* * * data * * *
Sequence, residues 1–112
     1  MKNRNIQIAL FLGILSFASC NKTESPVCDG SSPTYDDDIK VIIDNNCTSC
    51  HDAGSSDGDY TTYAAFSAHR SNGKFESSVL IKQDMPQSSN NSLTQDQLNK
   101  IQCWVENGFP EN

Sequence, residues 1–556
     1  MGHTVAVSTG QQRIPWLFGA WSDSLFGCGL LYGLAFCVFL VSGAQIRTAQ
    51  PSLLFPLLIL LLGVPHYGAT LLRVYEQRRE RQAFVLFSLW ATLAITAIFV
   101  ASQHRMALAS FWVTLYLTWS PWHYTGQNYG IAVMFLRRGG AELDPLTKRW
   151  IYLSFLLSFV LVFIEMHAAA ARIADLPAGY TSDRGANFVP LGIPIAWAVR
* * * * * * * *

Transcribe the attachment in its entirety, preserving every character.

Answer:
Sequence, residues 1–112
     1  MKNRNIQIAL FLGILSFASC NKTESPVCDG SSPTYDDDIK VIIDNNCTSC
    51  HDAGSSDGDY TTYAAFSAHR SNGKFESSVL IKQDMPQSSN NSLTQDQLNK
   101  IQCWVENGFP EN

Sequence, residues 1–556
     1  MGHTVAVSTG QQRIPWLFGA WSDSLFGCGL LYGLAFCVFL VSGAQIRTAQ
    51  PSLLFPLLIL LLGVPHYGAT LLRVYEQRRE RQAFVLFSLW ATLAITAIFV
   101  ASQHRMALAS FWVTLYLTWS PWHYTGQNYG IAVMFLRRGG AELDPLTKRW
   151  IYLSFLLSFV LVFIEMHAAA ARIADLPAGY TSDRGANFVP LGIPIAWAVR